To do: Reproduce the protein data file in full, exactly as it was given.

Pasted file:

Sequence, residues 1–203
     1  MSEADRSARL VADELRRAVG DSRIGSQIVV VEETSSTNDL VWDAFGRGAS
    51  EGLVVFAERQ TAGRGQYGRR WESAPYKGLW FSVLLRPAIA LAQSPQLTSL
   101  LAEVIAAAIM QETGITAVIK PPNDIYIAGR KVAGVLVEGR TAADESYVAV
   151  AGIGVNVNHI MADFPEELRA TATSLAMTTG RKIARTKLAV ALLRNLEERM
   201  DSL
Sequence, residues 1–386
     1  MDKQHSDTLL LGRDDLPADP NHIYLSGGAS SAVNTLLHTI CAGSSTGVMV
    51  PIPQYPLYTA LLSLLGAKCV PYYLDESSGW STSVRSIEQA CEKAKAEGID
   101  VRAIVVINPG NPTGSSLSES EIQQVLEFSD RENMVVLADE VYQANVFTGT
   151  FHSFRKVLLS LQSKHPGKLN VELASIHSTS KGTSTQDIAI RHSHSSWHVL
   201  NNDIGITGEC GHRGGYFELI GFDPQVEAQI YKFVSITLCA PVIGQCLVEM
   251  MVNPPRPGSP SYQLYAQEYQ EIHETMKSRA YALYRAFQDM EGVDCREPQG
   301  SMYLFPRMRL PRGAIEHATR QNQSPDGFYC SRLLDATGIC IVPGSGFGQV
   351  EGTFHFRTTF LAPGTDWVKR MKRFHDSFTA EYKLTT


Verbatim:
Sequence, residues 1–203
     1  MSEADRSARL VADELRRAVG DSRIGSQIVV VEETSSTNDL VWDAFGRGAS
    51  EGLVVFAERQ TAGRGQYGRR WESAPYKGLW FSVLLRPAIA LAQSPQLTSL
   101  LAEVIAAAIM QETGITAVIK PPNDIYIAGR KVAGVLVEGR TAADESYVAV
   151  AGIGVNVNHI MADFPEELRA TATSLAMTTG RKIARTKLAV ALLRNLEERM
   201  DSL
Sequence, residues 1–386
     1  MDKQHSDTLL LGRDDLPADP NHIYLSGGAS SAVNTLLHTI CAGSSTGVMV
    51  PIPQYPLYTA LLSLLGAKCV PYYLDESSGW STSVRSIEQA CEKAKAEGID
   101  VRAIVVINPG NPTGSSLSES EIQQVLEFSD RENMVVLADE VYQANVFTGT
   151  FHSFRKVLLS LQSKHPGKLN VELASIHSTS KGTSTQDIAI RHSHSSWHVL
   201  NNDIGITGEC GHRGGYFELI GFDPQVEAQI YKFVSITLCA PVIGQCLVEM
   251  MVNPPRPGSP SYQLYAQEYQ EIHETMKSRA YALYRAFQDM EGVDCREPQG
   301  SMYLFPRMRL PRGAIEHATR QNQSPDGFYC SRLLDATGIC IVPGSGFGQV
   351  EGTFHFRTTF LAPGTDWVKR MKRFHDSFTA EYKLTT